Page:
biodiesel. Biodiesel with a high acid number has been shown to
increase fueling system deposits and may increase the likelihood for corrosion.

X1.5 Sulfur
X1.5.1 The effect of sulfur content on engine wear and
deposits appears to vary considerably in importance and
depends largely on operating conditions. Fuel sulfur can also
affect emissions control systems performance and various
limits on sulfur have been imposed for environmental reasons.

NOTE X1.1Acid number measures a different phenomenon for


biodiesel than petrodiesel. Increased recycle temperatures in new fuel
system designs may increase filter plugging potential.

X1.6 Copper Strip Corrosion


X1.6.1 This test serves as a measure of possible difficulties
with copper and brass or bronze parts of the fuel system. The
presence of acids or sulfur-containing compounds can tarnish
the copper strip, thus indicating the possibility for corrosion.

X1.11.1 The free glycerin method is used to determine the


level of unbonded glycerin in the fuel. High levels of free
glycerin can cause injector deposits, as well as clogged fueling
systems, and result in a buildup of free glycerin in the bottom
of storage and fueling systems.

X1.7 Cetane Number


X1.7.1 Cetane number is a measure of the ignition quality of
the fuel and influences white smoke and combustion roughness. The cetane number requirements depend on engine
design, size, nature of speed and load variations, and on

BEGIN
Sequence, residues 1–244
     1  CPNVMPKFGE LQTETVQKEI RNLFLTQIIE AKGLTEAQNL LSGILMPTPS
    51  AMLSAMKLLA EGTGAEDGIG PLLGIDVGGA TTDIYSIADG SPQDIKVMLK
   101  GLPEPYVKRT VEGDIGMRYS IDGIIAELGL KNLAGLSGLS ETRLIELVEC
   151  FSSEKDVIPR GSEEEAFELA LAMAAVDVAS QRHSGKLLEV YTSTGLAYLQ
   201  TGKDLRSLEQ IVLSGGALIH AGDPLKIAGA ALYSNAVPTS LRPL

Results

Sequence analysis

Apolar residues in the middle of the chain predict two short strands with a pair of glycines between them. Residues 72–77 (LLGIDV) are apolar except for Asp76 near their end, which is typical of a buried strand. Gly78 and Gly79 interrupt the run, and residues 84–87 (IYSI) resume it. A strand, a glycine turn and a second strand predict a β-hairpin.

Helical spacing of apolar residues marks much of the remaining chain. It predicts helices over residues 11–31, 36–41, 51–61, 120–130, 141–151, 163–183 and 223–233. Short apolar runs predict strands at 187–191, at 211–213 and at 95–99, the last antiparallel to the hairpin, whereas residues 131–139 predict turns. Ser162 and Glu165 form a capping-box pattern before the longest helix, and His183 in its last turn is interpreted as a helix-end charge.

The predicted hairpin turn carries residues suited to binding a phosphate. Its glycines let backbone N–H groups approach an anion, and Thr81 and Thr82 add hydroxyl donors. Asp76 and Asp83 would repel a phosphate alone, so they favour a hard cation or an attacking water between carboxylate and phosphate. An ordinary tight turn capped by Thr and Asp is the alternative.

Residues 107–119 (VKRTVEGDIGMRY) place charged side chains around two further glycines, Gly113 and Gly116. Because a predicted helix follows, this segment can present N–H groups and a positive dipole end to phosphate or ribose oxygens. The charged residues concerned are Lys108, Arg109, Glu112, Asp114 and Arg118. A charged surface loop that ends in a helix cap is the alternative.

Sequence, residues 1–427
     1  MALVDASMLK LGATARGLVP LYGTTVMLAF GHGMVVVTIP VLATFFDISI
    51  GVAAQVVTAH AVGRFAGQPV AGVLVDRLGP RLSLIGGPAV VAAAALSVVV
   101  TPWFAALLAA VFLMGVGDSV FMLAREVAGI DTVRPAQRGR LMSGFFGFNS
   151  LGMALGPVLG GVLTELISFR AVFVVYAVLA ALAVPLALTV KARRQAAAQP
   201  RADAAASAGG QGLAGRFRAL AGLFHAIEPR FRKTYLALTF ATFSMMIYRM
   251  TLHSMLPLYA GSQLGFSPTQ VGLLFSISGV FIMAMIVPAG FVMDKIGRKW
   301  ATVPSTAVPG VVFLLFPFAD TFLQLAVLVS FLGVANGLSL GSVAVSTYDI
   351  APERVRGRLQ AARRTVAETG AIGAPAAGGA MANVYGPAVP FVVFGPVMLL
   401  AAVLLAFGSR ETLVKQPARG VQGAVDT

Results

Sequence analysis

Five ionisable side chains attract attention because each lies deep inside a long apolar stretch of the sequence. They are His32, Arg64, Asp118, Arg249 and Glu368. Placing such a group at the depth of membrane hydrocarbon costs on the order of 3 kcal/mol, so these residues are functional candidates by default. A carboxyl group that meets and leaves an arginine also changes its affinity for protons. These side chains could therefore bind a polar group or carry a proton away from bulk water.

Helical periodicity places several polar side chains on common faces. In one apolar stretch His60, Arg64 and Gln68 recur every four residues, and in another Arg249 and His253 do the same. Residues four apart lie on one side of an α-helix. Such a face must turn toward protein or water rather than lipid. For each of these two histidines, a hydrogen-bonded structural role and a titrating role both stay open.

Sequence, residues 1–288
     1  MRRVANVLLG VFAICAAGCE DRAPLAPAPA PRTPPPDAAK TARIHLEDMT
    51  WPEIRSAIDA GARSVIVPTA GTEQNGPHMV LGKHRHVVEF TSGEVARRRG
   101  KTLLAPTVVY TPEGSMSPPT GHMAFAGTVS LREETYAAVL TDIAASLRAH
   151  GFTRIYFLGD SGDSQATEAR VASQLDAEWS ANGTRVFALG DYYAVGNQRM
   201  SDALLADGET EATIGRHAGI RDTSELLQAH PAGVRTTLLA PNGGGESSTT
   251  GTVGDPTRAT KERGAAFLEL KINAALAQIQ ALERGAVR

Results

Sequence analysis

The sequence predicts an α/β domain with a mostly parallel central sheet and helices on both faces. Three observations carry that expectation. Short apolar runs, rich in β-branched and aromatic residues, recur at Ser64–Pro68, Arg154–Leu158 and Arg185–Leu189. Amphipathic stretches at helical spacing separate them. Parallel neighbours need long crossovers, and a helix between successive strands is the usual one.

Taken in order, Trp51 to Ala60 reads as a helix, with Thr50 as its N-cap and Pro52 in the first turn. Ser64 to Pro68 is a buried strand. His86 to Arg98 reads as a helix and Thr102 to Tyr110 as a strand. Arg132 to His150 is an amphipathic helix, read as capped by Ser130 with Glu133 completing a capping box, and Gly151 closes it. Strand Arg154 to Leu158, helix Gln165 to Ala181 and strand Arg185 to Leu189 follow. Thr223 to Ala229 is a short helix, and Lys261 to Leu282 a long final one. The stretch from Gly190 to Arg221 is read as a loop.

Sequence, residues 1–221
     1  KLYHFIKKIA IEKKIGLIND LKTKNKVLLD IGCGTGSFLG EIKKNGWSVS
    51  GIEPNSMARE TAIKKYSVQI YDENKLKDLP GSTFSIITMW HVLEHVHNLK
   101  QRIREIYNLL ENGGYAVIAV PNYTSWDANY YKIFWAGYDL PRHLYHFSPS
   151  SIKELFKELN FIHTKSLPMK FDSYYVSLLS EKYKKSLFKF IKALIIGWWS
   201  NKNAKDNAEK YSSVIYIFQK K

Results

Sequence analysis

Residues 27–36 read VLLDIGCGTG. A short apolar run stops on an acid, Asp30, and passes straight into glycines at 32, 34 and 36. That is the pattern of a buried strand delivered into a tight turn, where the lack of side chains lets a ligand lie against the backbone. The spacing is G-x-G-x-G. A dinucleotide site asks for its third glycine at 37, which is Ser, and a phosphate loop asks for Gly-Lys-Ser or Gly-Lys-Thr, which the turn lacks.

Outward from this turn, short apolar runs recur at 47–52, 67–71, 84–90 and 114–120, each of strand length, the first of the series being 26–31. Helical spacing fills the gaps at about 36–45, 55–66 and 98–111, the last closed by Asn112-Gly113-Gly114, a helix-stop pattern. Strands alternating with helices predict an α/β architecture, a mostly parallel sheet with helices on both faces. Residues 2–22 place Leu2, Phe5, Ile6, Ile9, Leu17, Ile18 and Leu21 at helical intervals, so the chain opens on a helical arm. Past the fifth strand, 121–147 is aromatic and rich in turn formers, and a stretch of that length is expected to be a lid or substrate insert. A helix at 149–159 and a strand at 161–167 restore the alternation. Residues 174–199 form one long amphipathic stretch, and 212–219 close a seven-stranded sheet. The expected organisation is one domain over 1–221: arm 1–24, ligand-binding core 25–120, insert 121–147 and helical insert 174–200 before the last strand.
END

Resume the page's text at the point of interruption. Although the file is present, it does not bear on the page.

starting and atmospheric conditions.
X1.7.2 The calculated cetane index, Test Methods D 976 or
D 4737, may not be used to approximate the cetane number

X1.12 Total Glycerin

X1.11 Free Glycerin

X1.12.1 The total glycerin method is used to determine the


level of unbonded and bonded glycerin in the fuel. Low levels
of total glycerin ensure that high conversion of the oil or fat
into its mono-alkyl esters has taken place. High levels of
mono-, di-, and triglycerides can cause injector deposits and
may adversely affect cold weather operation and filter plugging.

PS 121
X2. STORAGE STABILITY

X2.1 Oxidation stability is a procedure used to determine


the likely storage life and potential degradation of a fuel in
storage. Appropriate test methods for measuring the oxidative

stability for biodiesel, and its correlation to long term storage


as well as engine and fueling system performance are currently
being evaluated.